Hugh: (regarding Keith's use of flour tortillas in his enchiladas) Like it or not, Keith's made a burrito.
Chuy: The quinceañera is a big Mexican party, just like a sweet 16. Only the women have the quinceañera. Guys are just taught to kill a goat. (laughs) We don't get a party.
Immediately following this episode, Last Chance Kitchen's second episode was available for streaming on BravoTV.com or to cell phones via an app.
The day after this episode aired, Magical Elves effectively did an about face over disputed information in their contract with Texas over which they had filed a suit against the Texas Attorney General's office on October 3, 2011. Once Texas was named the ninth season location, some newspapers and blogs questioned how much taxpayer money had gone into luring the production to the state, and if any cities were shunned because they hadn't ponied up the bucks. Governor Rick Perry's office released a few details, but referred the full contract to the AG's office to clear what could be released legally. On September 21, 2011, Attorney General Greg Abbott determined the full contract, except for redacted personal information, was cleared for release under the Freedom of Information Act. Magical Elves promptly sued to prevent the release, citing documents that detailed confidential negotiations, stating it would cause the company competitive injury.
On November 17, 2011, Magical Elves quietly released the brand integration agreement document to The Dallas Observer. Along with the usual protective and preventative language, it revealed a $400,000.00 payment from the Office of the Governor via TM Advertising, the state's ad agency for the tourism office. San Antonio city chipped in an additional $200,000.00 for extra coverage during the season. The agreement called for two Texas cities to have three episodes apiece, with San Antonio taking up the remaining eight episodes of the regular season. One episode had to feature San Antonio's Culinary Institute and another use a San Antonio chef as a guest judge. At least two episodes had to end with a verbal instruction to visit Bravo's Top Chef site for more information about visiting Texas.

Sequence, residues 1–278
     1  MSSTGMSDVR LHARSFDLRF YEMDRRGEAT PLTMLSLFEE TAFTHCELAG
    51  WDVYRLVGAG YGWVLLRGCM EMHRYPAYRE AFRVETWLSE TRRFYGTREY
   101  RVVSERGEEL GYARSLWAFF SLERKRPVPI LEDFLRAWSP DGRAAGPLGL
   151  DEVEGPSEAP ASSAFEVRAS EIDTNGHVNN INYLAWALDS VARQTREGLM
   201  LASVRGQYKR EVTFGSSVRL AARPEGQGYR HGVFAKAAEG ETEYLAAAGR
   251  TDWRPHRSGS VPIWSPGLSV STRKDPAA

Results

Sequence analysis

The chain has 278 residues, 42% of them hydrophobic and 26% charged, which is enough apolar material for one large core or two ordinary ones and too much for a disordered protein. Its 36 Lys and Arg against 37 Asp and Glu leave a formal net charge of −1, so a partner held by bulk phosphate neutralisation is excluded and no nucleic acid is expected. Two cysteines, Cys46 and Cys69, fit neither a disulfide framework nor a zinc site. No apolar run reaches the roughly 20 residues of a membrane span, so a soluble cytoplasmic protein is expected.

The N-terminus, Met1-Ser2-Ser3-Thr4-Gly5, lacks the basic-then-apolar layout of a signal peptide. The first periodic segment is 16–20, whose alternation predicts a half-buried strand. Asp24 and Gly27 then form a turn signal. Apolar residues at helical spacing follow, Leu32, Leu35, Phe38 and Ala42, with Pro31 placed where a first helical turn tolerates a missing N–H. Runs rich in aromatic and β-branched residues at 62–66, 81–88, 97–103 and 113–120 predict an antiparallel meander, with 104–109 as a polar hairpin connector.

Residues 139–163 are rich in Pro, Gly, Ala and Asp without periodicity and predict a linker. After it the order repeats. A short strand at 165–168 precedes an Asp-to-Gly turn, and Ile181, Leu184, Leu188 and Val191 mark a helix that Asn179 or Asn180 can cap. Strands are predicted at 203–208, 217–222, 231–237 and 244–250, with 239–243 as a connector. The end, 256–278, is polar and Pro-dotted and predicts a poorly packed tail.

This was the first of two quinceañera's for Blanca Flores. According to a My San Antonio column in the San Antonio Express News, Blanca answered a Facebook call for potential clients and was chosen after an audition that proved her compatibility with the cameras. Her real quinceañera was the following weekend, and, despite what Johnny Hernandez might have said about the importance of traditional cuisine, that menu was chicken cordon bleu, rosemary potatoes, green beans with almonds and a salad.
> Johnny Hernandez – Guest Judge,
> Blanca Flores – Guest Client
> Maria Flores – Blanca's Mother
> Jose Flores – Blanca's Father